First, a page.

Levittown Joins Drug Take-Back Effort Saturday

From 10 a.m. to 2 p.m., residents can drop off unwanted prescription medications for safe disposal at various locations.

On Saturday, Oct. 26, the Drug Enforcement Administration (DEA) will coordinate again with state and local law enforcement agencies to remove potentially dangerous controlled substances from our community’s medicine cabinets. Collection activities will take place from 10 a.m. through 2 p.m. at sites established throughout Bucks Country. 

The drop off locations in Levittown are the following:

  • Bristol Township Municipal Building, Front Entrance, 2501 Bath Rd., Bristol
  • Levittown Library Parking Lot, 7311 New Falls Rd., Levittown
  • Grundy Gardens/Lamont Plaza Parking Lot, 430 S. Olds Blvd., Fairless Hills
  • Falls Township Police Department, 188 Lincoln Highway, Fairless Hills
  • Giant Pharmacy, 4001 New Falls Rd., Levittown
  • Target, 2331 East Lincoln Highway, Langhorne
  • Penndel Borough Police Department, 300 S. Bellevue Ave., Penndel
  • Tullytown Borough Police Department, 500 Main St., Tullytown

The event provides an opportunity for the public to surrender expired, unwanted, or unused pharmaceutical controlled substances and other medications for proper and safe destruction. These drugs are a potential source of supply for illegal use and pose a risk to public health and safety when misused.

In Bucks County, Bucks Promise for Youth and Communities has joined forces with the Bucks County Commissioners, the Department of Health, Bucks County Drug and Alcohol Commission, Inc., Bucks County Area Agency on Aging, Bucks County District Attorney’s Office and Bucks County Detectives, working with local law enforcement to provide 28 drop-off locations for prescription and over-the-counter medications. This project is supported by the Bucks County Commissioners and is funded through a grant from the Pennsylvania Department of Health.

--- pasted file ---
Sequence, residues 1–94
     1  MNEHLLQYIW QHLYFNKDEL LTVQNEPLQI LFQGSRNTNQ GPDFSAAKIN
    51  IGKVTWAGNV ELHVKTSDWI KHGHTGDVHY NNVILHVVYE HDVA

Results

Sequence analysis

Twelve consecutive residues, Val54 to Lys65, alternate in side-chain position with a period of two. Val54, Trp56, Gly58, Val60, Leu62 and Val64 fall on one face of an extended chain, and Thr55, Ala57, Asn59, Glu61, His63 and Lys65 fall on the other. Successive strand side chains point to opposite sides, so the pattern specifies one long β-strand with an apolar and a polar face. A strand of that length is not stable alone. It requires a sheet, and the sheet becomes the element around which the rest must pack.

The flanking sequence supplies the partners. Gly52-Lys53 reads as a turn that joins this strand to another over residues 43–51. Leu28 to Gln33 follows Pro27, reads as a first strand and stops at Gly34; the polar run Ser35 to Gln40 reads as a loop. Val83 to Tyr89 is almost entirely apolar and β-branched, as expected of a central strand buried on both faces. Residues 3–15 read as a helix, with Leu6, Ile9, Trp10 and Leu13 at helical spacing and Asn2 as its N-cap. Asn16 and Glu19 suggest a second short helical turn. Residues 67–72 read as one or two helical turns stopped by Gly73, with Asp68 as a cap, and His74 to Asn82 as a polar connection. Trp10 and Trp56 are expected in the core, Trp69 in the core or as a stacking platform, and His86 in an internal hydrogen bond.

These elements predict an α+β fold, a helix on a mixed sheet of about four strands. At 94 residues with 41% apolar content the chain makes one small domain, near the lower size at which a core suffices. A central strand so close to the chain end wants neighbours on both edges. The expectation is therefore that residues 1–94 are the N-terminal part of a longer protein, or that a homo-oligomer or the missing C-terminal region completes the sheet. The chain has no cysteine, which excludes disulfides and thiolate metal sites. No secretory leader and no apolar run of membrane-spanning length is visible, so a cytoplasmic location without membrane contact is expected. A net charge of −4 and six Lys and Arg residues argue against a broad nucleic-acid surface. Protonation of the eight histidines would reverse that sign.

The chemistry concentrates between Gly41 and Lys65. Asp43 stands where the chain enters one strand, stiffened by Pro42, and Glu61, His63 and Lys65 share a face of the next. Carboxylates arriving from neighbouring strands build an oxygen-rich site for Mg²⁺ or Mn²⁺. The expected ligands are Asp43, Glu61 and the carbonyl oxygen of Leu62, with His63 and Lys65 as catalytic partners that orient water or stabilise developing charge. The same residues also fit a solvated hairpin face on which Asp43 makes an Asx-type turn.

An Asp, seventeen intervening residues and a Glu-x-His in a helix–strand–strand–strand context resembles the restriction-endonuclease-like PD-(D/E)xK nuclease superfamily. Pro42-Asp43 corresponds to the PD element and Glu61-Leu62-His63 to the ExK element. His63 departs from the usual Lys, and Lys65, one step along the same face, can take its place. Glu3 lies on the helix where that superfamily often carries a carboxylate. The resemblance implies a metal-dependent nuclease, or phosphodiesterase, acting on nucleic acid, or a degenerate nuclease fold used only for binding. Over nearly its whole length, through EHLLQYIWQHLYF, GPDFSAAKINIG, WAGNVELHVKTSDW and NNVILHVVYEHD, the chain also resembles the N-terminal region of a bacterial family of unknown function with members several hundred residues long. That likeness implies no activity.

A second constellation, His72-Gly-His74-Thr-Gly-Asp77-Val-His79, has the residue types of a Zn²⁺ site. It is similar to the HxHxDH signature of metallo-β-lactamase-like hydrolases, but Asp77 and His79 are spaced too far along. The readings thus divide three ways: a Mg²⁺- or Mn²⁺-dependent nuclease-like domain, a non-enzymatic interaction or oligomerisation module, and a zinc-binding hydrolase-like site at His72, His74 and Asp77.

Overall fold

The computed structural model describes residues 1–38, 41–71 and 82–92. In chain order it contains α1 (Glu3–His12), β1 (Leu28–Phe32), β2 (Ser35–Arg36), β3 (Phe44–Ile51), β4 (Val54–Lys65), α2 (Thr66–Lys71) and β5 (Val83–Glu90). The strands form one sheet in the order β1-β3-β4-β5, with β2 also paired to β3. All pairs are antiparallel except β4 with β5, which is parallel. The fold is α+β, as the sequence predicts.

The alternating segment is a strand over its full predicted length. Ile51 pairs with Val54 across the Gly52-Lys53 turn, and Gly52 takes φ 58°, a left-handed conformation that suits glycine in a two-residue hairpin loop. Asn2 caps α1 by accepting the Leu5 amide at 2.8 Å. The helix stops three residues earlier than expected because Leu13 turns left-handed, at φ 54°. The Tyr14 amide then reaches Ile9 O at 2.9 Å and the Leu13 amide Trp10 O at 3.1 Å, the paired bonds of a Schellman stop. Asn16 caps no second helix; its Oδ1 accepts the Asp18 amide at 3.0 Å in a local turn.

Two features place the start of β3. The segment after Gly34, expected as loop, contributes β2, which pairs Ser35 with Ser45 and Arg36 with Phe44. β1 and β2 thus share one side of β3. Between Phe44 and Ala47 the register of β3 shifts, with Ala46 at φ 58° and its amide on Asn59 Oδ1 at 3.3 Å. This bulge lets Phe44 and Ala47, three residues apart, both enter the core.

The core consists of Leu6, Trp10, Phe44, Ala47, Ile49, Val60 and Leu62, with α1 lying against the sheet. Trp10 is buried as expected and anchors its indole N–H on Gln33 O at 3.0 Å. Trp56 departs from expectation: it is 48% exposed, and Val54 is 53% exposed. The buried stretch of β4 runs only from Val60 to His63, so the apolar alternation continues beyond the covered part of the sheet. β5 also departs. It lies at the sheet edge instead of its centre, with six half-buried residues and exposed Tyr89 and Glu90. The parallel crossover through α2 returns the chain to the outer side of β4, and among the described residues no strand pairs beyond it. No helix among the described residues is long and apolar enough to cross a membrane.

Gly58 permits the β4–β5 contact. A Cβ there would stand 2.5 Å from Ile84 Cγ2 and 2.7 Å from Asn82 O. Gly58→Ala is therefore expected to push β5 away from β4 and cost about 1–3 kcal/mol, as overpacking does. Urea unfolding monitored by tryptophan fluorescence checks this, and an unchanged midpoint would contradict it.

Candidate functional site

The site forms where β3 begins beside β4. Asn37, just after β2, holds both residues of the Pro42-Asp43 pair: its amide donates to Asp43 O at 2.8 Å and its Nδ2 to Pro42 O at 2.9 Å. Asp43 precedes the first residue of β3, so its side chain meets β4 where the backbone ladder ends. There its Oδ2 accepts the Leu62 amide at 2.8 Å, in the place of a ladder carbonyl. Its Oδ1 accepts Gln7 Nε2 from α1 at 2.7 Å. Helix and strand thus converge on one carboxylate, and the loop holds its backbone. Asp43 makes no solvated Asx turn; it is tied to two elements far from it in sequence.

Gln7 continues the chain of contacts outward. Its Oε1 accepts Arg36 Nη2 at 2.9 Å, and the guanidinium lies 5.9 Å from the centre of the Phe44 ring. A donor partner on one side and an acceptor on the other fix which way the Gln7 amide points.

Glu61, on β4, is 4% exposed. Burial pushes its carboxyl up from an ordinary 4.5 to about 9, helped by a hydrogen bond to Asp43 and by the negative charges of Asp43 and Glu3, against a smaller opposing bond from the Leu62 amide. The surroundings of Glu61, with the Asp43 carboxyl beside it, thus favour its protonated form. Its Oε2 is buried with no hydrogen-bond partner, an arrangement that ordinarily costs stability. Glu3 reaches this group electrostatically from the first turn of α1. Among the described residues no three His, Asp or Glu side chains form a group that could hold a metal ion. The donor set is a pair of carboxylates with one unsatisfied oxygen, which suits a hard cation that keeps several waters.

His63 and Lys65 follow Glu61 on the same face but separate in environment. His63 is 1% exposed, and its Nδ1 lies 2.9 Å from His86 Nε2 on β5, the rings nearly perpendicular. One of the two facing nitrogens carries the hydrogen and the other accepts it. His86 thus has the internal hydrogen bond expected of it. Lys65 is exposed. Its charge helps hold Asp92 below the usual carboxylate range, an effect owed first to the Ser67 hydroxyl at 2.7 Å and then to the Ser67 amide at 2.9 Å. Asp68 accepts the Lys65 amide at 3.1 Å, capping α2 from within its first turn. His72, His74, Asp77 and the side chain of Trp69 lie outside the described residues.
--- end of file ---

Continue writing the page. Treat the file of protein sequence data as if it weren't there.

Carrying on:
According to statistics from the previous seven countywide events, the program has been an enormous success. During seven previous collections (program commenced during September, 2010), more than 12 tons (24,531 pounds) of medications have been taken out of circulation. Furthermore, the April 2013 collection produced an event-record 6,710.4 pounds of medication (up from 850.6 pounds during the first collection back in 2010).

Recent studies by the Environmental Protection Agency (EPA) and others have detected pharmaceutical drugs in varying concentrations in our water supply. Safe disposal of prescription drugs helps to reduce the presence of pharmaceuticals in our drinking water. 

This one-day effort is intended to bring national focus to the issue of increasing pharmaceutical controlled substance abuse and to raise awareness about the dangers of prescription drug misuse, particularly among our youth. The program is anonymous.


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